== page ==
The Corner

Still More Martha

One more email:

If you can stand another comment on this subject, please indulge me.

Your correspondents miss the point. Stewart was not charged with insider trading because what she did would not fit the definition.

Here is an example:

If you were accompanying a relative to his cancer treatment (God forbid) and you saw Bill Gates and it became clear to you that he was there for an initial consultation and you sold your Microsoft stock before Gates could announce that he was getting treatment for cancer, you would have traded on information not really available to the public but it would not be insider trading.

If, however, you were a director of Microsoft and Bill Gates told you that he had cancer and that he needed to announce to the investor community and you sold your shares before such announcement, you have insider trading.

I would say that Martha’s is more like the former. She obtained the information from her broker that Waksal was selling his shares. She did not know why, she did not have some inside tip from an Imclone person, she connected the dots on a piece of information offered to her by her broker. Now, her broker might have committed some ethical lapse and went against Merrill’s code of conduct, but, again, no insider trading.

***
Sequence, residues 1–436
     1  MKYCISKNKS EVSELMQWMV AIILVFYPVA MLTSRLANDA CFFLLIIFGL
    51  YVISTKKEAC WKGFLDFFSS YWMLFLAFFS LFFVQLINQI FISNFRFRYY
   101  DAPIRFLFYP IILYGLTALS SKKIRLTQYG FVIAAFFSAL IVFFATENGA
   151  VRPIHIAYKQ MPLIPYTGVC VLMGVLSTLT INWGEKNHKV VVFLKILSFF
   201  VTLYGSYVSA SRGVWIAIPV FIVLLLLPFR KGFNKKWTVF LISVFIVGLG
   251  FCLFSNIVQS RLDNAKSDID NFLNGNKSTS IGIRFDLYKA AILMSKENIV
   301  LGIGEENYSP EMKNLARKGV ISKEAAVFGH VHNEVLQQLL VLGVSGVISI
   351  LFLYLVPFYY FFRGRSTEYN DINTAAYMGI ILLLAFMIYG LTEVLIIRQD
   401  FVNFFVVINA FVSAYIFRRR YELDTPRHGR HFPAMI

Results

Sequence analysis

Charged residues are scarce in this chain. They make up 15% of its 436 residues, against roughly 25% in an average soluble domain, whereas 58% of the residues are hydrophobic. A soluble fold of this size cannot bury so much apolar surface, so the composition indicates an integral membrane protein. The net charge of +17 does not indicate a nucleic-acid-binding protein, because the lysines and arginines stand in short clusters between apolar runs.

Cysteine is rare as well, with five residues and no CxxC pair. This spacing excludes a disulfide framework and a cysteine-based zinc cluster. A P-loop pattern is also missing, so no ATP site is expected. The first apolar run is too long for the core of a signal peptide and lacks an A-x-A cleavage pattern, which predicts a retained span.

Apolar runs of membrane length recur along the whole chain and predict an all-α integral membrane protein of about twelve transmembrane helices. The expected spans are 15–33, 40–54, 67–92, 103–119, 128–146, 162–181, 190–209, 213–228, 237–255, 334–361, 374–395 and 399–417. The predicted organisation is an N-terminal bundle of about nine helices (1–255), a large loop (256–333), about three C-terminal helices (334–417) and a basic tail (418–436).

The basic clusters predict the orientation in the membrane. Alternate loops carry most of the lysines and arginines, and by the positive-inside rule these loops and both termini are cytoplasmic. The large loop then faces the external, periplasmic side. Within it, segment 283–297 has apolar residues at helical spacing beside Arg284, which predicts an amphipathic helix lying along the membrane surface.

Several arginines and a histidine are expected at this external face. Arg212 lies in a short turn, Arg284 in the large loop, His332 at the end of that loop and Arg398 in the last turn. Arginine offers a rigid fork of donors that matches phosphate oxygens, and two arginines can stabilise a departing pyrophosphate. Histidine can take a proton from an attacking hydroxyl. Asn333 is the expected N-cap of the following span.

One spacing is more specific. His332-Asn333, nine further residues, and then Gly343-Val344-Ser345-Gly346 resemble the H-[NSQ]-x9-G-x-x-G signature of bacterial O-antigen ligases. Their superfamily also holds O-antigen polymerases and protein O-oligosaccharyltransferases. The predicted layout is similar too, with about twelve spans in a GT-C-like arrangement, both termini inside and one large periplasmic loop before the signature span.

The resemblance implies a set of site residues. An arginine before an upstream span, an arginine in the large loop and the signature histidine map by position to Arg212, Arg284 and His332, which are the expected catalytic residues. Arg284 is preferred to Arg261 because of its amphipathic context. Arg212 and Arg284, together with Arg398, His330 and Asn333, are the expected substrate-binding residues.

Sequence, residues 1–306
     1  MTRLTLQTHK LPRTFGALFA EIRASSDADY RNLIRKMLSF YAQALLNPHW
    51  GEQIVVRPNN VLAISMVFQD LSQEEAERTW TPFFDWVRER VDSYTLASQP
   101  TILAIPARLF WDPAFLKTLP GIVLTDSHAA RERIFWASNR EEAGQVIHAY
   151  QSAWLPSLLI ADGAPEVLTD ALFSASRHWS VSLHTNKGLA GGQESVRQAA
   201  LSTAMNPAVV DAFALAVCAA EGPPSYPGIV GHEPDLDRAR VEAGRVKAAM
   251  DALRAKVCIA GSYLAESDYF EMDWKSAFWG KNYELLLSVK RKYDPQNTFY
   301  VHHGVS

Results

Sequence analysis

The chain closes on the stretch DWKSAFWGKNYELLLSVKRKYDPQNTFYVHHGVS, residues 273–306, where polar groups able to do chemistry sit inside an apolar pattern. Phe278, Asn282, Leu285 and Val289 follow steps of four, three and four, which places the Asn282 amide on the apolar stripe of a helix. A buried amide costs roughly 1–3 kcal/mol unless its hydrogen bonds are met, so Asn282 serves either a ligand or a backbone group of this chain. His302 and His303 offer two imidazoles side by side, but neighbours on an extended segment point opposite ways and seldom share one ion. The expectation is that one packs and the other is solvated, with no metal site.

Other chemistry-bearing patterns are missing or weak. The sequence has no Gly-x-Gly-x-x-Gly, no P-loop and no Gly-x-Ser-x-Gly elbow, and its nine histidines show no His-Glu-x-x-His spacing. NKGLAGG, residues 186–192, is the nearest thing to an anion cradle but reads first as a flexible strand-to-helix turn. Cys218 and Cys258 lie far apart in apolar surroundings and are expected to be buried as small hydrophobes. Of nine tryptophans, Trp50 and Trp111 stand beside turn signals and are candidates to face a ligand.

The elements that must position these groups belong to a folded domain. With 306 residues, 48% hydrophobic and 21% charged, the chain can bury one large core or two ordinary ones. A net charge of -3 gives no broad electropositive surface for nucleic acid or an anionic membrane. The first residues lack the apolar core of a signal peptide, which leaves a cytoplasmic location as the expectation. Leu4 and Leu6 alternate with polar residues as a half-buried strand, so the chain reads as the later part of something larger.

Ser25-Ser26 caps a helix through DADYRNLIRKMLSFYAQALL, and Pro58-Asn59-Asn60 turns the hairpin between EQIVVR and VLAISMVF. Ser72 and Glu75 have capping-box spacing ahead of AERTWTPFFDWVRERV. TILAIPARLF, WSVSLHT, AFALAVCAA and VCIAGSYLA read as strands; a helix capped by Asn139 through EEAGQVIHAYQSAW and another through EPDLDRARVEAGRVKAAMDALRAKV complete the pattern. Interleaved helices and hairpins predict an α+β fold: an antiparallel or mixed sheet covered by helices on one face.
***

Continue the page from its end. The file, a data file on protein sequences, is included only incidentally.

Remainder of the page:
People have to get off the fact that Martha did not commit the crime of insider trading. Now, it seems entirely reasonable that a jury could find that she lied to investigators and for that she should be punished.

People, including the jurors, do not seem to understand what the issue was in this case.

Ramesh Ponnuru is a senior editor for National Review, a columnist for Bloomberg Opinion, a visiting fellow at the American Enterprise Institute, and a senior fellow at the National Review Institute.

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